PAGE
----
Sunrise on the San Francisco Bay this morning was clear and bright, but here, 25 miles off the coast, the fog is so thick that you can't even make out the turd-encrusted drip-castle rocks that make up the Farallon Islands National Wildlife Refuge. There's no question about their proximity, though. The acrid stench of animal waste wafts on the breeze, and the barking of seals echoes through the mist from nearby islands.
Lawrence Groth stands at the stern of his 32-foot dive boat, the Patriot, his arms grappling a cage of aluminum bars twice his height and as wide as he is tall. He and his crewman, James Moskito, rotate the cage so it hangs off the back of the boat and then drop it into the water. Sealed PVC pipes attached to its sides provide flotation for the homemade cell as its lid bobs just above the surface. Groth lifts the lid of the cage and beckons a media landlubber to the dive platform.
Plunging into the cage deals an icy shock to the senses, and despite the scuba regulator and wet suit, it's nearly impossible to breathe normally -- the air comes in shallow pants, each breath a struggle.
It takes a minute or two to become used to the frigid water and get down to the serious business of doing a whole lot of nothing. There's little to see. The water is a mesmerizing emerald green, completely devoid of activity. The only movement comes from the yellow nylon lines that zigzag across the silvery surface. At the end of these ropes, a broken surfboard and a homemade decoy both gouged with bite marks bob in the current. Every few minutes Groth and Moskito drag them back toward the boat, and then let the boards drift slowly back into place like giant fishing lures.
Which is precisely what they are. With any luck, these decoys will catch the unblinking black eye of humanity's most feared predator, a great white shark. And then, perhaps, this perfectly evolved killer will attack the decoy, swimming close enough to give a nervous cage-dweller an up-close and personal view of her expressionless prehistoric snout, sleek gray flank, and rows upon rows of jagged teeth.
Alone in the cold, eight feet below the surface, I feel like bait.
The Farallones, a cluster of small, rocky islands visible from Stinson Beach on a clear day, are among the best places in the United States to see and film great whites because, from a shark's perspective, they amount to an oversize all-you-can-eat buffet.
At high tide, elephant seals and harbor seals are ousted from their favorite rocks and reluctantly slide into the water. Every so often, from far below, a great white will spot the bulbous profile of a young seal and propel itself from the depths, wrapping its powerful jaws around the unsuspecting mammal and tearing flesh from bone in a sudden slick of red. Documentaries that incorporate footage of these ferocious feeding events, such as the Emmy-winning BBC/National Geographic feature Great White Shark and the Discovery Channel's Beyond the Jaws, have made the Farallones a focal point for shark junkies.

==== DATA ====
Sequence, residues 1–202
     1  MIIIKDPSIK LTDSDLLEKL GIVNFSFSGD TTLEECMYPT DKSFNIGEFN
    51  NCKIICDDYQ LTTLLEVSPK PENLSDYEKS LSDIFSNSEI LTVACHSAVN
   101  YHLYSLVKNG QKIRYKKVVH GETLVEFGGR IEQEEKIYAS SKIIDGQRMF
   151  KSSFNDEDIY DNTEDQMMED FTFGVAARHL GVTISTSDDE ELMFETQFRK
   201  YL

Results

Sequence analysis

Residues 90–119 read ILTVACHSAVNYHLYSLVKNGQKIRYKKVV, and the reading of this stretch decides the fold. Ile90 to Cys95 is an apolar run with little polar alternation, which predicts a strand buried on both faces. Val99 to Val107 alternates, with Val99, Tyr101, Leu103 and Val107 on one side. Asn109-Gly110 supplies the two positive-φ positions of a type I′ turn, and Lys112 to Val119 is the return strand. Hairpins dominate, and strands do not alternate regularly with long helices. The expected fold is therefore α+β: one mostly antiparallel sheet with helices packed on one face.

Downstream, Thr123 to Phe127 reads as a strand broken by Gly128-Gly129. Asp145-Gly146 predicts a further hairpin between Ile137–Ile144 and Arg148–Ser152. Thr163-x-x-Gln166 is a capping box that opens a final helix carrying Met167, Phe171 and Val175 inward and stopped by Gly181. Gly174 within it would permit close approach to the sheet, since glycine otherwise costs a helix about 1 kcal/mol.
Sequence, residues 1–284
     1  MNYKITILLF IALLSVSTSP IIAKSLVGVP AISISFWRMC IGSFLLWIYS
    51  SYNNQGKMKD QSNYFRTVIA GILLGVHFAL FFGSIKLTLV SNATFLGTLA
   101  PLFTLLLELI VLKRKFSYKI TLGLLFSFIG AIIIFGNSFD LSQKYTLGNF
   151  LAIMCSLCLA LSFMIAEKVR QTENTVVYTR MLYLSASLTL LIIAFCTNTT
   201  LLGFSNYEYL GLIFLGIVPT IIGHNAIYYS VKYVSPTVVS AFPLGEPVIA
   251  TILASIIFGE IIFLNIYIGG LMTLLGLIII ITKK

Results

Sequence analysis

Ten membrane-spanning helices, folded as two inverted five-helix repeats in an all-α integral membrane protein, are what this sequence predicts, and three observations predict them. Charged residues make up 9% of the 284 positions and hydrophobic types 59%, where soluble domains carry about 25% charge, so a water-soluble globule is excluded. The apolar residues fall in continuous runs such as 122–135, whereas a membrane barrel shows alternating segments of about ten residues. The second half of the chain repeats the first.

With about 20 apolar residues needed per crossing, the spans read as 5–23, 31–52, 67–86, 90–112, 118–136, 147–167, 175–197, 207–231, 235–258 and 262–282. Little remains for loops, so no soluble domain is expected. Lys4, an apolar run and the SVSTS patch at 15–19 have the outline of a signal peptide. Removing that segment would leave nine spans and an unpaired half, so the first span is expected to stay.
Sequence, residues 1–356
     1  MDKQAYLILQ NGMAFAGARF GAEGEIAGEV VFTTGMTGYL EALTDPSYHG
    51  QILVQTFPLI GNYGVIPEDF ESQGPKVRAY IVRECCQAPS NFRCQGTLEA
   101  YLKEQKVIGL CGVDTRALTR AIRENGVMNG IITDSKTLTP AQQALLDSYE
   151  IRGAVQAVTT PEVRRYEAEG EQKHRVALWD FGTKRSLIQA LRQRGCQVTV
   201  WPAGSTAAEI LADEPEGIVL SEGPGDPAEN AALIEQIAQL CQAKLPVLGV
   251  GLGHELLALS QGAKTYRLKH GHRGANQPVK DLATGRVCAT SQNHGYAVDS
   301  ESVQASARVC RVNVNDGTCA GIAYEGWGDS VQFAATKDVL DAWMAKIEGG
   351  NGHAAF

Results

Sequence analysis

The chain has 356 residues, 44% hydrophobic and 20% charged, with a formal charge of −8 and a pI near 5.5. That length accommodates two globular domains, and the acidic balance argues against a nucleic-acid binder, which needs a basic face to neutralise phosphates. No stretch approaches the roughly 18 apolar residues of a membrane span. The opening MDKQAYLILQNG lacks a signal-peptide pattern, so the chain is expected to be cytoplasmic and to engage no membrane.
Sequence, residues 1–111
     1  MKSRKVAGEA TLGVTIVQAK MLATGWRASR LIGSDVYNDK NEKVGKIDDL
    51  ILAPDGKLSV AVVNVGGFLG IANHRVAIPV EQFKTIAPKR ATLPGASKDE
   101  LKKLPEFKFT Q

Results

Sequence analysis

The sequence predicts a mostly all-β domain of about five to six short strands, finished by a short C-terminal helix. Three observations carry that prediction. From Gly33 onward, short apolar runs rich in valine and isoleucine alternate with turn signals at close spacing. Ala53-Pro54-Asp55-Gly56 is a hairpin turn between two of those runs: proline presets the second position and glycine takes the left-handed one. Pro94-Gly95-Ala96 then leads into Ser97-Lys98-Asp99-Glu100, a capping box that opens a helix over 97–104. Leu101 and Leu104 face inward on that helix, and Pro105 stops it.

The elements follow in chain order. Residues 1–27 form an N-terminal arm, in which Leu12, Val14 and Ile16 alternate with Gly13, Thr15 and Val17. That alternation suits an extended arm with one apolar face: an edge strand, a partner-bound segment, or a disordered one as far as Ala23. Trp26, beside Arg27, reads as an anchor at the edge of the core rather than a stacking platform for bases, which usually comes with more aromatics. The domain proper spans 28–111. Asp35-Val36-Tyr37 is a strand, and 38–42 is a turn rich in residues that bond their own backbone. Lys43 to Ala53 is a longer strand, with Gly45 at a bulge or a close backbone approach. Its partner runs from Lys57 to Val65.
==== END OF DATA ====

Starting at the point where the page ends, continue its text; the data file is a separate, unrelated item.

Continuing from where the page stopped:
Groth, a professional diver who works on underwater construction projects, has been fascinated by sharks since childhood. Growing up in Hayward, he'd long heard stories about white sharks in the Gulf of the Farallones, but he didn't venture there until just a few years ago.
In the fall of 1998, he brought a boat and a few friends out to the islands, where he chummed the water with tuna (something he no longer does) in the hope of attracting a shark. After throwing the fish overboard, he stood at the stern waiting for a friend to bring him a camera. That's when it happened: Without warning, a massive shark breached just half a dozen feet from the boat, hurling itself out of the water like a dolphin at SeaWorld. The great animal splashed down with such force that Groth's pants got soaked. And from that moment, he was hooked.
These days, he's Captain Lawrence Groth. Having recognized the commercial possibilities of satisfying people's curiosity about the mysterious predators, he and a partner created what has become a thriving ecotourism business. He charges people $775 a head to spend the day on his boat in search of great whites. The captain, who now runs the operation solo, doesn't guarantee that his clients will see a shark, but he does boast that great whites were spotted on 31 of his 34 trips during last fall's feeding season, which lasts from mid-September through mid-November.
What Groth didn't realize when he first started bringing customers out to the Gulf of the Farallones was that he was stepping on somebody else's pelagic turf.
The entrepreneur was handily beaten to the archipelago by Peter Pyle, a Swarthmore College zoology major who in 1980 began studying the islands' bird population for the Point Reyes Bird Observatory, a private nonprofit that manages the Farallones under the supervision of the US Department of Fish and Wildlife. While traversing the rocky coastline of Southeast Farallon Island, the young field biologist began noticing the same extraordinary spectacle over and over: a slick of blood in the water, followed by a swirl of dorsal fins, and great white sharks as long as eighteen feet thrashing about.
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